With all of the foreclosures, there has definitely been a demand for rehabilitation loans to help homeowners not only purchase but make improvements to the home they are purchasing. The most popular program for this has been the FHA 203K program. However, the FHA 203K programs has limitations not found with Fannie Mae’s HomeStyle Renovation loan. It is available on a negotiated basis and not all lenders have access to this product. The HomeStyle Mortgage offers borrowers of all income levels up to 90 percent financing for the purchase and improvement of a home. Financing is based on the "as-completed" appraised value of the home, and borrowers can use up to 50 percent of that value for improvements or repairs.
Fannie Mae does not specify which improvements a borrower may or may not finance. This means that the improvement funds can be used for "cosmetic" purposes such as carpeting and various kinds of remodeling. There is no minimum amount that needs to be spent on repairs. The improvements should be performed by contractors who are licensed, registered, or certified or have the highest level of certification required.
HomeStyle Mortgage: Benefits
- Qualify for loans based on the as-completed value of the property.
- Improve your home at low first mortgage interest rates.
- Do almost any type of improvements or repairs.
- Finance up to six months of mortgage payments to cover non-occupancy costs during construction.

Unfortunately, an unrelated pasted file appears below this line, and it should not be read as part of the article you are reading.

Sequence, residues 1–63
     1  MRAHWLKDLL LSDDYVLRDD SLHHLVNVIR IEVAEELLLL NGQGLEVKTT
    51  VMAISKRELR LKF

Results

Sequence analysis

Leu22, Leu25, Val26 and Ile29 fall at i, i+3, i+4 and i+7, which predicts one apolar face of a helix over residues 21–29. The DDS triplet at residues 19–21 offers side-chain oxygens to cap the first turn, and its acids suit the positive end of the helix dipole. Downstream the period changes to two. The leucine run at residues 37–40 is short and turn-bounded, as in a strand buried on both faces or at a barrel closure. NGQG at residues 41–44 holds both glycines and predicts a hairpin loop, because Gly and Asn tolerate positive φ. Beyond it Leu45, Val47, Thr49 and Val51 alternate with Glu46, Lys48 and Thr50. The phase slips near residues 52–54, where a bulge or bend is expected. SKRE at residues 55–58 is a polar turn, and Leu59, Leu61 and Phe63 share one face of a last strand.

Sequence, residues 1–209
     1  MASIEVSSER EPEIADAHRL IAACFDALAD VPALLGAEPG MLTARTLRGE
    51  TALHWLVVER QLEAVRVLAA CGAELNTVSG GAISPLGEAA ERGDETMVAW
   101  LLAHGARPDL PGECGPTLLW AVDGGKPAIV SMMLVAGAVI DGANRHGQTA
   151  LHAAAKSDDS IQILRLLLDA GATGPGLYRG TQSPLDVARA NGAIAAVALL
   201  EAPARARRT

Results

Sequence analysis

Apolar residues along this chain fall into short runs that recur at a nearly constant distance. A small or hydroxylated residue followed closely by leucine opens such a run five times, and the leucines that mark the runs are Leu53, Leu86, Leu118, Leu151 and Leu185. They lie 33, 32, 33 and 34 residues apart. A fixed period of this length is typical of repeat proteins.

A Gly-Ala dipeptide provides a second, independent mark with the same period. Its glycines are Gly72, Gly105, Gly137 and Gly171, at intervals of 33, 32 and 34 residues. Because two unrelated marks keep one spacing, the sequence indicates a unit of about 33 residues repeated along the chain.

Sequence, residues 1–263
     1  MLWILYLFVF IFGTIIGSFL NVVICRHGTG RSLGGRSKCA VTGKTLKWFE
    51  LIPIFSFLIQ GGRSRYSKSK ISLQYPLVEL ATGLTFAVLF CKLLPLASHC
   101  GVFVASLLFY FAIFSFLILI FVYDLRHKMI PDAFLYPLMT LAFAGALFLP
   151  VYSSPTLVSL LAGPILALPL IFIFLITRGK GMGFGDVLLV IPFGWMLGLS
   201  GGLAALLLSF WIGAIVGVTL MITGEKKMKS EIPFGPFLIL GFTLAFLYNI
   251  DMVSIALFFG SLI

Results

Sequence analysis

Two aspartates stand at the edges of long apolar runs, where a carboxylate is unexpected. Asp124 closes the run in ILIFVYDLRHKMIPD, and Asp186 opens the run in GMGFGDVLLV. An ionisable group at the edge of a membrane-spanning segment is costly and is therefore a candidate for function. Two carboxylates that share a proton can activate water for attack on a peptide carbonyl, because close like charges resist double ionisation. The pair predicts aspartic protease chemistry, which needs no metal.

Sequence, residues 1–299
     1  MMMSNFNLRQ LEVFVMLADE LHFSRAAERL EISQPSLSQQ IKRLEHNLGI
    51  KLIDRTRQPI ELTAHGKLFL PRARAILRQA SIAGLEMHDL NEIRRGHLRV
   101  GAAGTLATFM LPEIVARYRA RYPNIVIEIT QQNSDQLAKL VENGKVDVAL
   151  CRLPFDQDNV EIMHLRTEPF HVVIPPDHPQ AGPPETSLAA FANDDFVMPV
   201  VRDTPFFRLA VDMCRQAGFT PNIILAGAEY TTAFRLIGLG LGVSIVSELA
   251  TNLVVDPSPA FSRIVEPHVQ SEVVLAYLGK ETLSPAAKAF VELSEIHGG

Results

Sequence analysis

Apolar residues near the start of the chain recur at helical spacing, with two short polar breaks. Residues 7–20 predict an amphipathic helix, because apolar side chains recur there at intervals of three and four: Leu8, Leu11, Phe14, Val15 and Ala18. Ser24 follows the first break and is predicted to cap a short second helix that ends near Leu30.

- Lender involvement in construction oversight and monitoring provides added value to borrowers.
- It can be used to purchase and renovate or refinance and renovate an existing property.
HomeStyle Mortgage: Key facts
- This mortgage is available to owner-occupants, purchasers of second homes and investors. The fact that it is available to investors is different than the 203K program.
- Eligible properties are one- to four-unit homes, approved condominiums, coops and PUDs. LTV restrictions may apply.
- Maximum loan amount may not exceed Fannie Mae's conforming loan limits.
- Maximum renovation amount is 50 percent of the as-completed value of the property.
- Qualifying ratios are 28/36.
- Loans are fixed-rate mortgages or rate capped ARMs, fully amortizing with terms between 15 and 30 years.
- A contingency reserve equal to 10 percent of the cost of the renovation is required, and may be financed out of the loan proceeds.
- If the LTV is less than 80%, there is no mortgage insurance like there is for the 203K program.
- FHA 203K loans require a certificate of occupancy (known as a C.O.). This is a nearly impossible request on unfinished new construction foreclosures. This makes FHA 203K loans virtually impossible on unfinished new construction foreclosures. The Homestyle loan only requires homes be “substantially complete”. What does that mean? Well, it is open to interpretation, but anything with the systems in place that is at least 75% complete might be a good candidate for this program.
The Fannie Mae Homestyle program is definitely worth looking into as an alternative to the FHA 203K loan.